The issue here required the trial court and requires this court to interpret the language of the Cotton States insurance policy to determine the extent of PIP coverage under the policy. We do not address the extent of any other coverage under the policy. In deciding this issue, we are required to apply the plain meaning of the unambiguous language in the PIP provisions in the Florida endorsement to the policy. See Quality Imports, Inc. v. St. Paul Fire & Marine Ins. Co., 566 So.2d 293, 295 (Fla. 1st DCA 1990). That endorsement specifically provides that there will be no PIP coverage for injury to the insured outside the State of Florida, unless the insured is occupying either a vehicle owned by the insured or a vehicle owned by the insured's relative for which security is maintained under the Florida No Fault Law. This language of the endorsement is entirely consistent with the requirements of subsection 627.736(4)(d).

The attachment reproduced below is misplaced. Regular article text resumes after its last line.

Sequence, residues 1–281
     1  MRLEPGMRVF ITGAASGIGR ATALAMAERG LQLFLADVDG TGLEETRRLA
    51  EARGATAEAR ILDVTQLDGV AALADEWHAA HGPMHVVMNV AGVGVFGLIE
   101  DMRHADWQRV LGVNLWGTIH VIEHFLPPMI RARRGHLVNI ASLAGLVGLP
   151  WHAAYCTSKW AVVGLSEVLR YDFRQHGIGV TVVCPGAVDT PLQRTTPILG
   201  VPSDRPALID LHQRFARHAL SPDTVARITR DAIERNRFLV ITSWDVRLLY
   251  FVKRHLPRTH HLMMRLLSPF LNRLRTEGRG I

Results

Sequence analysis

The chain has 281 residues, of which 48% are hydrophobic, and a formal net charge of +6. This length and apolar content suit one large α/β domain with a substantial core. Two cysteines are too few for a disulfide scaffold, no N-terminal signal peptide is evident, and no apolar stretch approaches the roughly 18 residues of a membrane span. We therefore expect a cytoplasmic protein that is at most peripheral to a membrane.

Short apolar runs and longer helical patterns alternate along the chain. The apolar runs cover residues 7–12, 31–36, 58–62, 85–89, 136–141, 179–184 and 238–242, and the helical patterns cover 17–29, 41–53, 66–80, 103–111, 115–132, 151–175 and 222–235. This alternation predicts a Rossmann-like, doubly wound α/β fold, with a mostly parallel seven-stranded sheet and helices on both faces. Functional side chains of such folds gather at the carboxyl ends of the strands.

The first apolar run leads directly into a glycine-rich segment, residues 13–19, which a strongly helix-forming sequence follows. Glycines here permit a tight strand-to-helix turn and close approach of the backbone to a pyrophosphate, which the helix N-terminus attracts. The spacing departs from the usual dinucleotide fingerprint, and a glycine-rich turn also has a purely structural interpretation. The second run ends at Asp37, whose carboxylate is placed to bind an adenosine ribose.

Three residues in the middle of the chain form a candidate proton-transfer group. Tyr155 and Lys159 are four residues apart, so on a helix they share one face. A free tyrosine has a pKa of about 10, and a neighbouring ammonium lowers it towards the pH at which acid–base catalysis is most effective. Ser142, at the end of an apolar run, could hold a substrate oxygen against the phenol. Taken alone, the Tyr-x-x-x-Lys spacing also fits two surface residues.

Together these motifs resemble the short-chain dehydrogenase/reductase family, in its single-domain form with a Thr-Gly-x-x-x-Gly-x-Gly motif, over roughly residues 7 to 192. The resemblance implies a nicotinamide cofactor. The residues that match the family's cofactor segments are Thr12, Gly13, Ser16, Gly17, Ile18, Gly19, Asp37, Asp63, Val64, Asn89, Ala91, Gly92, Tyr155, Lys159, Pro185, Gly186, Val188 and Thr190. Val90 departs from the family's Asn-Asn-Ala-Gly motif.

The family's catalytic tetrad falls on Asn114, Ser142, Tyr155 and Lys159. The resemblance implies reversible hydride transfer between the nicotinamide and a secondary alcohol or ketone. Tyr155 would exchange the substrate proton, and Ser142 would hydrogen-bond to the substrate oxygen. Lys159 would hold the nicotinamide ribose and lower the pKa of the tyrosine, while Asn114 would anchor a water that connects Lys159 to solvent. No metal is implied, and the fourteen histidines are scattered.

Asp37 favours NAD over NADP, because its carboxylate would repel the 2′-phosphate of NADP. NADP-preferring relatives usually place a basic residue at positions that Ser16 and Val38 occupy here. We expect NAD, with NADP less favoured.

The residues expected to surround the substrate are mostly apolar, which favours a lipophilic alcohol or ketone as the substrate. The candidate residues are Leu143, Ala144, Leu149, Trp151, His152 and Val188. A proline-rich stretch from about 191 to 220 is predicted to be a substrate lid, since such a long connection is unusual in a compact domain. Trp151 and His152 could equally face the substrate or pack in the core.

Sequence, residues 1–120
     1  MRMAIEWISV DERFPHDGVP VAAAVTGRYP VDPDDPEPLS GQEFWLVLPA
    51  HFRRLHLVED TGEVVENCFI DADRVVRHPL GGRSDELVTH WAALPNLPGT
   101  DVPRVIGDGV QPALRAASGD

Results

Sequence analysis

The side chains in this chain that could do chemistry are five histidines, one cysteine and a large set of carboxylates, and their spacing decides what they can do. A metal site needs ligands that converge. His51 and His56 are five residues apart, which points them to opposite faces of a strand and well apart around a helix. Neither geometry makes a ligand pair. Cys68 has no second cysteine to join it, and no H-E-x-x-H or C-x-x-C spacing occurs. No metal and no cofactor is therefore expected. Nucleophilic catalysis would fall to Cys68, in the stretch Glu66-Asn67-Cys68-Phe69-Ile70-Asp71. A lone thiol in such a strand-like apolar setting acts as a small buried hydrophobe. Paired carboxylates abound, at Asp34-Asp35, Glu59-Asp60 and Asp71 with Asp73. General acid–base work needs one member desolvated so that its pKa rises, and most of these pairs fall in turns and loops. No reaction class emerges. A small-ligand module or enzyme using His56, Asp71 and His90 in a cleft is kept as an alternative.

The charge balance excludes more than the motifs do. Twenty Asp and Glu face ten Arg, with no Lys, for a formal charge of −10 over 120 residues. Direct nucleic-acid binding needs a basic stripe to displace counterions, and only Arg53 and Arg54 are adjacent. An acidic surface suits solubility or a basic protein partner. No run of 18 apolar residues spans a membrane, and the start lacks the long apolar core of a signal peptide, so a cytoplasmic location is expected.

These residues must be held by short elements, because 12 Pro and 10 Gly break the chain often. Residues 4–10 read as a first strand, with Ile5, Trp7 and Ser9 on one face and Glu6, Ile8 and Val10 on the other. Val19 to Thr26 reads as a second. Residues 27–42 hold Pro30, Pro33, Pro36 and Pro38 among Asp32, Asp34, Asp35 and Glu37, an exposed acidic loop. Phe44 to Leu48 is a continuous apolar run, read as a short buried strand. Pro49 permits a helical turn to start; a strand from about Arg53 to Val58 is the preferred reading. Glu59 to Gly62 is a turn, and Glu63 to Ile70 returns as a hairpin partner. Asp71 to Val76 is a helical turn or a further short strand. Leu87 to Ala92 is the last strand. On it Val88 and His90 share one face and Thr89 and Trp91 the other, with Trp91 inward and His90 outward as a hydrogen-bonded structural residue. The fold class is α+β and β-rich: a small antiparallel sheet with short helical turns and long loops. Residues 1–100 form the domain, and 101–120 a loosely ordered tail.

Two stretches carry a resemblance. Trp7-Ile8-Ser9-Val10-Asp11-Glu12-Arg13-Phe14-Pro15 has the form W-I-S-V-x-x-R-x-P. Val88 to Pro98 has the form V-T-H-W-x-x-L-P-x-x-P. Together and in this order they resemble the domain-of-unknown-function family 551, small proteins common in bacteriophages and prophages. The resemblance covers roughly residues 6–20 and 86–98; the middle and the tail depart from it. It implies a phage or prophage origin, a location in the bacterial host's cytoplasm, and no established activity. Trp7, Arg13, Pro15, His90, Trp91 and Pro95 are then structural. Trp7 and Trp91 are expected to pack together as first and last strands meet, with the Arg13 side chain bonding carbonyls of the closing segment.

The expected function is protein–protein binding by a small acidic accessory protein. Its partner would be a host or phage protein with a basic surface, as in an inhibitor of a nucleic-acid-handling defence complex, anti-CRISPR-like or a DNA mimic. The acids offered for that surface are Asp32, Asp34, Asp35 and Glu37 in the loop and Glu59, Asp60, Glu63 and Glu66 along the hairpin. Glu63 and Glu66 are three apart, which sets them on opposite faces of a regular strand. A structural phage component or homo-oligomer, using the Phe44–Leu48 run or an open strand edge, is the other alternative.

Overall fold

Mr. Harris argues that the “Special Provision for Rented or Leased Vehicles” is ambiguous, thereby permitting the trial court to find the existence of PIP coverage. We do not agree. This part of the Florida endorsement merely adopts language consistent with section 627.7263 establishing which insurance coverage is primary when the insured is operating a rental vehicle. Further, even if this part of the endorsement were ambiguous, that ambiguity would not contravene the plain language of the PIP provisions which expressly limit PIP coverage for accidents occurring outside the State of Florida. Where, as with the PIP provisions here, there exists no genuine inconsistency, uncertainty or ambiguity in the insurance contract, the court may not rewrite the contract, add meaning that is not present, or otherwise reach a result contrary to the manifest intentions of the parties. See Allstate Ins. Co. v. Shofner, 573 So.2d 47, 49 (Fla. 1st DCA 1990). Thus, it would be inappropriate for a court to add to or change the language of the policy to create PIP coverage when by its very terms the policy excludes such coverage. See Julian v. Johnson, 438 So.2d 503, 505 (Fla. 5th DCA 1983).